Water is SO important for so many different reasons. (Learn more about water benefits here) Many people think if they have water right before, after, and/or during their workout that they’re properly hydrated, but you must hydrate yourself at least 3 hrs before your workout for it to count. Make it a point to drink water throughout your day.
6) You’re not exercising with purpose
A lot of people get a workout plan and just go through the motions, or train “too light.” If you’re not challenging yourself, your muscles will never get bigger.
- You should up the anti as you get stronger. Keep a log of how much you lift and how many reps you do. As you feel the exercise get easier with every workout add more weight to the exercises. Your body will eventually get used to the workout and plateau. As a general rule you should change your workout completely after 8-10 weeks, or when you notice you are no longer getting results — whatever comes first.
- If you want to gaining muscle you should be doing 8-12 reps per set.
- I suggest doing mostly compound exercises such as pull-ups, and squats, and exercising to failure. What is exercising to failure? When you know another rep (with good form) isn’t possible to execute.
- Don’t only do what you like. We’ve all done it. You have to do exercises that may not be your fav. Curse all you want, but get through it.
7) You’re doing it wrong
Form is very important when it comes to exercise to ensure that you are putting the maximum amount of stress on the muscles being worked, and to prevent injury.
Keep your reps slow and controlled, don’t swing to move the weight (if you are, the weight may be too heavy for you), don’t lock your joints at the top of movements.
8) You’re not getting enough rest
Did you know that muscle building actually takes place outside the gym? Working out actually causing tiny tears in your muscles. The muscle “builds” when it’s healing, and that happens with rest and sleep. Make sure you are getting at least 7-8 hours of sleep every night, and to take at least one day off a week from working out. Your muscles aren’t the only thing that needs rest; so does you neurological system, tendons, joints, and even your brain. Give your body the rest it needs.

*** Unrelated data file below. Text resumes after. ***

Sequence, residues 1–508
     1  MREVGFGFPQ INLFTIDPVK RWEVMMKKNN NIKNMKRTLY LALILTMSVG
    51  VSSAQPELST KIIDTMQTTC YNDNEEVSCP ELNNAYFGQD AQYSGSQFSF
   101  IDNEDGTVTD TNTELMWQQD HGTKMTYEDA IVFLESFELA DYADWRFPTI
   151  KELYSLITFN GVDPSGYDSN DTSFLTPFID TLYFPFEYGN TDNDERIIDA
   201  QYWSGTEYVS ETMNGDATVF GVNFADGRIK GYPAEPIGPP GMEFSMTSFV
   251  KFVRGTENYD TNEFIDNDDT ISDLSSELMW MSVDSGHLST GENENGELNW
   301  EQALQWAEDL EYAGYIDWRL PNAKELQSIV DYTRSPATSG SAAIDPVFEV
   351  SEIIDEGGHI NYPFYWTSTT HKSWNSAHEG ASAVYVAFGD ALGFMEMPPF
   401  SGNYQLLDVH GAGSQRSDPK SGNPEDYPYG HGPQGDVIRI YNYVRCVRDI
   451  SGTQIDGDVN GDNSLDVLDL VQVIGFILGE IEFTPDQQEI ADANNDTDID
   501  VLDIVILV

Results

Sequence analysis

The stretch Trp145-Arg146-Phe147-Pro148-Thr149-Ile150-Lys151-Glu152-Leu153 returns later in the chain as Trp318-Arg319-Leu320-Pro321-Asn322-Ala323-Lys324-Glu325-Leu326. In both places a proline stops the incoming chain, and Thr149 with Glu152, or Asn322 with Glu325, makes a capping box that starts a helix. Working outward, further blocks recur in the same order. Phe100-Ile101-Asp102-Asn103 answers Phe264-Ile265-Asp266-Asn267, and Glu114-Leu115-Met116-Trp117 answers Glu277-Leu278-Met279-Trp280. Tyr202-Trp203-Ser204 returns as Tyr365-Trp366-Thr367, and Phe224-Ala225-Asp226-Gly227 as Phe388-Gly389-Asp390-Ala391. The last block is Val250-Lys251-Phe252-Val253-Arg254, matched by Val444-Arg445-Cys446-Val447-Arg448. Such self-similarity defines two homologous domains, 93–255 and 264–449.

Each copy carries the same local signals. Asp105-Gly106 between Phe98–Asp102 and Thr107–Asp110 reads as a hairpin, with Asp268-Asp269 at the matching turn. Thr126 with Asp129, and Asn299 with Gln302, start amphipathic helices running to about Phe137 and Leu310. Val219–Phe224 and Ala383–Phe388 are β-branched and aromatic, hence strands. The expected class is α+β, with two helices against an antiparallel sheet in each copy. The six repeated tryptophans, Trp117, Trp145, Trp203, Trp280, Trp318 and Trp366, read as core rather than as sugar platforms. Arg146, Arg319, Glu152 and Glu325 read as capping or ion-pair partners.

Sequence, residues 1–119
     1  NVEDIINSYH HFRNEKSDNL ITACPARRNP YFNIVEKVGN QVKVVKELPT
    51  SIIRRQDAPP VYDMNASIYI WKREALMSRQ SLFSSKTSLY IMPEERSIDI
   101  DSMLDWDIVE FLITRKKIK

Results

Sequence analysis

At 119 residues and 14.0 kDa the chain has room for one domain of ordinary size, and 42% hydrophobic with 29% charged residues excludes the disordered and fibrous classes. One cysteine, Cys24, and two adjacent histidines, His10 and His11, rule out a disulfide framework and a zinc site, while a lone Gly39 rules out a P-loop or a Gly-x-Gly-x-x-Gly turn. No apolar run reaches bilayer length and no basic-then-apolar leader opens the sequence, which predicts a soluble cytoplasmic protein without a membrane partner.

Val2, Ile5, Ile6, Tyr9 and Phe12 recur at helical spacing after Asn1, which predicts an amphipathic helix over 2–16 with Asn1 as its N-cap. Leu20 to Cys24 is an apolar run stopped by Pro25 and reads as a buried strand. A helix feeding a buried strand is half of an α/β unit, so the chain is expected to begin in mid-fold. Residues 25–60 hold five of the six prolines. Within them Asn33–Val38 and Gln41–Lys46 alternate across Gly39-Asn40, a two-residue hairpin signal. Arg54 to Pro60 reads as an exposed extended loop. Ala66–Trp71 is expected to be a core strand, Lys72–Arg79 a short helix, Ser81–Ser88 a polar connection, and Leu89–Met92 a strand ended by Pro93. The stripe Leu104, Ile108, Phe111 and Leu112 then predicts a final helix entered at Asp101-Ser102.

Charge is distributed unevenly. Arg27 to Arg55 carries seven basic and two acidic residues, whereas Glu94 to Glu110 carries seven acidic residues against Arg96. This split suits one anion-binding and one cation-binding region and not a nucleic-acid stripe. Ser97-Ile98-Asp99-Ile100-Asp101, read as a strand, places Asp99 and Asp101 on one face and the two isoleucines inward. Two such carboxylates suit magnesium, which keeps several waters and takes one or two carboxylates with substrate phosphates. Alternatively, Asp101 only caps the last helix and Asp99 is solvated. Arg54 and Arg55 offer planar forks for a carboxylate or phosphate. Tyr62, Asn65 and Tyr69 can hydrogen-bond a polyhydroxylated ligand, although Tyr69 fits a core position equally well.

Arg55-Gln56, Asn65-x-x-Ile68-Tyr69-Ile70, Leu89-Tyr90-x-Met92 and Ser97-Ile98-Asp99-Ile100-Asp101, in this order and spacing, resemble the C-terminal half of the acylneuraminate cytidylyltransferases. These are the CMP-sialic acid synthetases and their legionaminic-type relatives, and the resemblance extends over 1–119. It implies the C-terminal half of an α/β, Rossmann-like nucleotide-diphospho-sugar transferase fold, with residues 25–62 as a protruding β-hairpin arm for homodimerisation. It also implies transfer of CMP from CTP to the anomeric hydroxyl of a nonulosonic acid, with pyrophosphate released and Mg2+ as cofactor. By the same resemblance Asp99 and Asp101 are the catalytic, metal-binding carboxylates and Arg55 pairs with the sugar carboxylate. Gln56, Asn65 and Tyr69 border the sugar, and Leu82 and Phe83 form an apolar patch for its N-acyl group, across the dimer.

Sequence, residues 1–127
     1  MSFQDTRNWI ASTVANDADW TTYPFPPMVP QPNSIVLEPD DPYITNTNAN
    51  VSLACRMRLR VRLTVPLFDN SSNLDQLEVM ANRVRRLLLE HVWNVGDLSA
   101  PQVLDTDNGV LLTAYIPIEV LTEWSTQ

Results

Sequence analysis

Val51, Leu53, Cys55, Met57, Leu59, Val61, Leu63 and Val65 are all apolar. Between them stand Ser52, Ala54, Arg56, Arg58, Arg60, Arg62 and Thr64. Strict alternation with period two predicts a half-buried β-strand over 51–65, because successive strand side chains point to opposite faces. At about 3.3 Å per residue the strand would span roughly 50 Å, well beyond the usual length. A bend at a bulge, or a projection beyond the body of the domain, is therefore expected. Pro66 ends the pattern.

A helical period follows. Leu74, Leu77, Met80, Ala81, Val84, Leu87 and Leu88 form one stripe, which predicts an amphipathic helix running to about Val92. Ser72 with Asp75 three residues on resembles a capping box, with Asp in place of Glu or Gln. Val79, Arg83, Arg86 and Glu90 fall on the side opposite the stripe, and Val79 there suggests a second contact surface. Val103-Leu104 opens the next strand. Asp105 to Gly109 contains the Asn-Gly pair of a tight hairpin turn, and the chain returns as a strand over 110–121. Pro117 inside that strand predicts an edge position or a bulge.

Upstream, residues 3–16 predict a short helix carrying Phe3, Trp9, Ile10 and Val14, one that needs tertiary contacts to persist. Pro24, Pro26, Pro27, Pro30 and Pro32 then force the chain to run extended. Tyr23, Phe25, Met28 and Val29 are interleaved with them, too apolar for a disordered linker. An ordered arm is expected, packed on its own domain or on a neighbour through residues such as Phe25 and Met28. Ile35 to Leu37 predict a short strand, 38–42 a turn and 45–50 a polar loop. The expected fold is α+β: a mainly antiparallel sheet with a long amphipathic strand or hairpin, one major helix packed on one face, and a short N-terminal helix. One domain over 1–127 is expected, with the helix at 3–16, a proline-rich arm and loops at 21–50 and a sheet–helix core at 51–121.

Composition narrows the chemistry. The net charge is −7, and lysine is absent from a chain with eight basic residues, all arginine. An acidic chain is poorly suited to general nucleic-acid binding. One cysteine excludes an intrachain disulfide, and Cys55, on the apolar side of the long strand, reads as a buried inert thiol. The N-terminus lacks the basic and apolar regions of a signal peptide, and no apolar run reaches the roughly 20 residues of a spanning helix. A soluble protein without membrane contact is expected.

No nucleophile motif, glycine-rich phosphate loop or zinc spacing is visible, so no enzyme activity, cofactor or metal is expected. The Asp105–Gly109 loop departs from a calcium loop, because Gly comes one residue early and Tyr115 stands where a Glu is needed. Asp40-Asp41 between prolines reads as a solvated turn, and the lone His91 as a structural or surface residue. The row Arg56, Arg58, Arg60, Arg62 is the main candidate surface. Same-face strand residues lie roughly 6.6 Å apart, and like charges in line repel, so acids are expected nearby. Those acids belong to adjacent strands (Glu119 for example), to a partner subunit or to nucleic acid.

9) You’re not paying attention to pre and post workout nutrition
What you eat 1.5-3 hours before you exercise is going to affect how much energy you have for your workout. This meal should be well rounded, containing protein, complex carbohydrates, and fats. Your post workout meal is arguably the most important meal of the day because your body needs you to replenish the nutrients lost during training.
Complex carbs are very important to your pre-workout meal and protein is very important for you post workout meal, but both meals should be well rounded containing protein, complex carbs, and fats.
10) You Aren’t Supplementing Correctly
While supplements are a good “boost,” they aren’t as necessary as the other points above. Take a multivitamin to ensure you are getting all the necessary nutrients. Take a good quality fish oil or Omega-3 oil: fish oil has been known to increase metabolism and reduce inflammation. And last but not least, whey protein powder makes a great meal replacement and contains good nutrients and amino acids.
Remember, consistency is key. You should be working out a least 3 times a week, giving yourself rest days in between workouts, and eating properly. The only way to succeed is to stick with it.
Resources: musclehack.com, fitwatch.com, nobrainermuscle.com, mucleandstrength.com, bodybuilding.com